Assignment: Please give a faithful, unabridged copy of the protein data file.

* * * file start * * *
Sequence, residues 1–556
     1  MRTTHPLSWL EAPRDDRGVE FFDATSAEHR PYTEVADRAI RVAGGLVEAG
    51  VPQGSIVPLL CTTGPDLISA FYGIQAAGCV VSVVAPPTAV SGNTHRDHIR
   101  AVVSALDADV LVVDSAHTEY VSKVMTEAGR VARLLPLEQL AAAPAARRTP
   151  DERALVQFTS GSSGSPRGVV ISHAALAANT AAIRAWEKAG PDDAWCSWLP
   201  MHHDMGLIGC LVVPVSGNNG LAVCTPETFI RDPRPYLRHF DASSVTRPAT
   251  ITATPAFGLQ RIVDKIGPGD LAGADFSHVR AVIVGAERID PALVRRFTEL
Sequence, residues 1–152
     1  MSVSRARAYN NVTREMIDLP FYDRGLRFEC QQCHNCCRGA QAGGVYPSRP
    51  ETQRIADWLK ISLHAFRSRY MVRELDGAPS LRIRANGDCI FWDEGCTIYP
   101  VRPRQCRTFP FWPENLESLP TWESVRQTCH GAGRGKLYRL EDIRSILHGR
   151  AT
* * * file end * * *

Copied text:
Sequence, residues 1–556
     1  MRTTHPLSWL EAPRDDRGVE FFDATSAEHR PYTEVADRAI RVAGGLVEAG
    51  VPQGSIVPLL CTTGPDLISA FYGIQAAGCV VSVVAPPTAV SGNTHRDHIR
   101  AVVSALDADV LVVDSAHTEY VSKVMTEAGR VARLLPLEQL AAAPAARRTP
   151  DERALVQFTS GSSGSPRGVV ISHAALAANT AAIRAWEKAG PDDAWCSWLP
   201  MHHDMGLIGC LVVPVSGNNG LAVCTPETFI RDPRPYLRHF DASSVTRPAT
   251  ITATPAFGLQ RIVDKIGPGD LAGADFSHVR AVIVGAERID PALVRRFTEL
Sequence, residues 1–152
     1  MSVSRARAYN NVTREMIDLP FYDRGLRFEC QQCHNCCRGA QAGGVYPSRP
    51  ETQRIADWLK ISLHAFRSRY MVRELDGAPS LRIRANGDCI FWDEGCTIYP
   101  VRPRQCRTFP FWPENLESLP TWESVRQTCH GAGRGKLYRL EDIRSILHGR
   151  AT